Difference between revisions of "Style/Language/Transliterations"

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{{official capitalization standard|language=Transliterations}}
  
<ul><li style="list-style-type:none">'''Status:''' This is not a guideline, it merely explains how the [[Style Principle|StylePrinciple]] should usually be applied to transliterations in Pseudo-Releases.  
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Transliteration is the conversion from one script to another, e.g., from Latin to Kanji, Kanji to Cyrillic, Cyrillic to Hebrew, etc.  Often, releases will be transliterated for the benefit of people who enjoy the music but cannot read the original script.  While transliteration to the Latin script is the most common, it is not the only possibility.
</ul>
 
  
==In English==
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== Guideline ==
  
Transliteration is the conversion from one script to another.  Latin to Kanji, Kanji to Cyrillic, Cyrillic to Hebrew, etc. There are many possibilities over many languages, some have capitalization and some don't. When a language with no capitalization is converted to one that does we need a standard for what capitalization to use.  
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Transliterated [[Release Status#Pseudo-Release|pseudo-releases]]<ref>At the time this guideline is being adopted, [[Next Generation Schema|NGS]] is getting close. In NGS, capitalization of [[Release Status#Official|official releases]] should not be normalized. This guideline is limited to pseudo-releases in order to avoid such "destructive" capitalization changes.</ref> should conform to the rules of the transliteration system used.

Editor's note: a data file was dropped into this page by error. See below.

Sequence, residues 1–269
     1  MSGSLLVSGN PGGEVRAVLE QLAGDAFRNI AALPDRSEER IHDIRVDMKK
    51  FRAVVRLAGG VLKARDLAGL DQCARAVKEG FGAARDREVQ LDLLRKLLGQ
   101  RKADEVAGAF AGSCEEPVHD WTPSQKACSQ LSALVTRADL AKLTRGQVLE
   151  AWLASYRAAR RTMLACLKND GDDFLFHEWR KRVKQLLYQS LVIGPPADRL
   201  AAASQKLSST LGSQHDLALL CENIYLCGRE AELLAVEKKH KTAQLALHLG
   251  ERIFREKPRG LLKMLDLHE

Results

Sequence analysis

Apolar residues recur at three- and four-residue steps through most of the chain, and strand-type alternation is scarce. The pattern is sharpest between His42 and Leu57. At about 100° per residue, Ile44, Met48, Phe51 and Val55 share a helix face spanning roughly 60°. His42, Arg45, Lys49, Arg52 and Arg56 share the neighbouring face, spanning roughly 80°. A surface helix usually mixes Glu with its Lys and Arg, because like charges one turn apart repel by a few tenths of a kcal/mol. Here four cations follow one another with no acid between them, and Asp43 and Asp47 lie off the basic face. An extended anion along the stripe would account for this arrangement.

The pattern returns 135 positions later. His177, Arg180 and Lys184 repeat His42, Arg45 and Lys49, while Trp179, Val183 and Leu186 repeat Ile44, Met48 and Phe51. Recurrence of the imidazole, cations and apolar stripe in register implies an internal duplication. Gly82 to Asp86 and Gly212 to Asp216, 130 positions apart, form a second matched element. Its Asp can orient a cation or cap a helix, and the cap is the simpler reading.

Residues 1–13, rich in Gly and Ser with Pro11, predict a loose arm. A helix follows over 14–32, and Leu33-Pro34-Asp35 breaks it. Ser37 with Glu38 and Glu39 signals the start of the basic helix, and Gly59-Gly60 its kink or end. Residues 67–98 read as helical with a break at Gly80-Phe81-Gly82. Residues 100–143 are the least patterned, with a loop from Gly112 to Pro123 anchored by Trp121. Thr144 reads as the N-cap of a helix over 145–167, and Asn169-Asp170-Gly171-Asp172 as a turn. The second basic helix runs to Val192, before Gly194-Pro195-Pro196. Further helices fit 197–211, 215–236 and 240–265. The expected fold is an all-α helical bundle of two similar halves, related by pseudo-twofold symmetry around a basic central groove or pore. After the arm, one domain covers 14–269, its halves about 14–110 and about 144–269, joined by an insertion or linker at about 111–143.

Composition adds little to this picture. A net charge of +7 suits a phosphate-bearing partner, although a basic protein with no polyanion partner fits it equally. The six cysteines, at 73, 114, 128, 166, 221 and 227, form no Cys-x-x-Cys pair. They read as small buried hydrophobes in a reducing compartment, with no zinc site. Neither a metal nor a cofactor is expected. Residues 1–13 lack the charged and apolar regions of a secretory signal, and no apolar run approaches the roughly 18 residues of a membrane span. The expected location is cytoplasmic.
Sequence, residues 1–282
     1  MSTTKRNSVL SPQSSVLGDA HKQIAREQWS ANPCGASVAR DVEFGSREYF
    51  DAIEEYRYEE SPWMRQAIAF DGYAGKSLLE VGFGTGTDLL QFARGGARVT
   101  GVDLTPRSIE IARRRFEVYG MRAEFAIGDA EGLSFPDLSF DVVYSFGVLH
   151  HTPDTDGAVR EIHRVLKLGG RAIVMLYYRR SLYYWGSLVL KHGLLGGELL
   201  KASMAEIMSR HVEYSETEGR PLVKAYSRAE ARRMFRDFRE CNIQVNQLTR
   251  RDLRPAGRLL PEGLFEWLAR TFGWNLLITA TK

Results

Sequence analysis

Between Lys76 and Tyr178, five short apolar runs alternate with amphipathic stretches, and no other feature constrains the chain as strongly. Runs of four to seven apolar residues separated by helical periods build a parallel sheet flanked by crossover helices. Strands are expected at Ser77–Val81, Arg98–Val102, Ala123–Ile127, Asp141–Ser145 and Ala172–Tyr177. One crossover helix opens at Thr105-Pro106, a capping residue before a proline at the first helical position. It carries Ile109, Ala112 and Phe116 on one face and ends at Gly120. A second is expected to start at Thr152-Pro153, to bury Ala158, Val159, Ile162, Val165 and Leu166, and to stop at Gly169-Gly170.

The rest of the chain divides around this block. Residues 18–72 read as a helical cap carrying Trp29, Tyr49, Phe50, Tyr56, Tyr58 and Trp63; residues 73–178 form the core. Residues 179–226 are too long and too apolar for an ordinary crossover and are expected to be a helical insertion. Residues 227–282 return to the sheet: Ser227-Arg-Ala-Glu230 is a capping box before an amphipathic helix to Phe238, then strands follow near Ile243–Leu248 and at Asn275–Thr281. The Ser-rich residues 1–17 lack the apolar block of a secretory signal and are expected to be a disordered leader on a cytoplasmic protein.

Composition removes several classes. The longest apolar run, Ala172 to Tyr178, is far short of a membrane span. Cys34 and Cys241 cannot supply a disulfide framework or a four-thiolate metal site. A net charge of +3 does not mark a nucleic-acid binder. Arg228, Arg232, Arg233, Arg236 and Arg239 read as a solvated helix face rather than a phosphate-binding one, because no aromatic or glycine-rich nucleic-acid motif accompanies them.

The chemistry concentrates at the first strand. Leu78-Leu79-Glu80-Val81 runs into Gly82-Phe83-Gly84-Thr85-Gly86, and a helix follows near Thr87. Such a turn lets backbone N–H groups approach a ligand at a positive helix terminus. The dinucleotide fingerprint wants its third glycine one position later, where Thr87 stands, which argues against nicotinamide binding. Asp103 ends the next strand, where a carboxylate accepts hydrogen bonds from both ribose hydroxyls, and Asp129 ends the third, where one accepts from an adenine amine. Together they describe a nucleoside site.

==Rationale==
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Some languages have specific capitalization guidelines for transliterations:
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* [[Style/Language/Chinese|Chinese]]
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* [[Style/Language/Hebrew|Hebrew]]
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* [[Style/Language/Japanese|Japanese]]
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* [[Style/Language/Yiddish|Yiddish]]
  
With the rise of globalization of the music world and the increasing influence of foreign music upon local music there are many chances of clashes between languages when music is imported.  The problem gets worse when foreign languages directly influence music and words of a foreign script are adopted by a different language.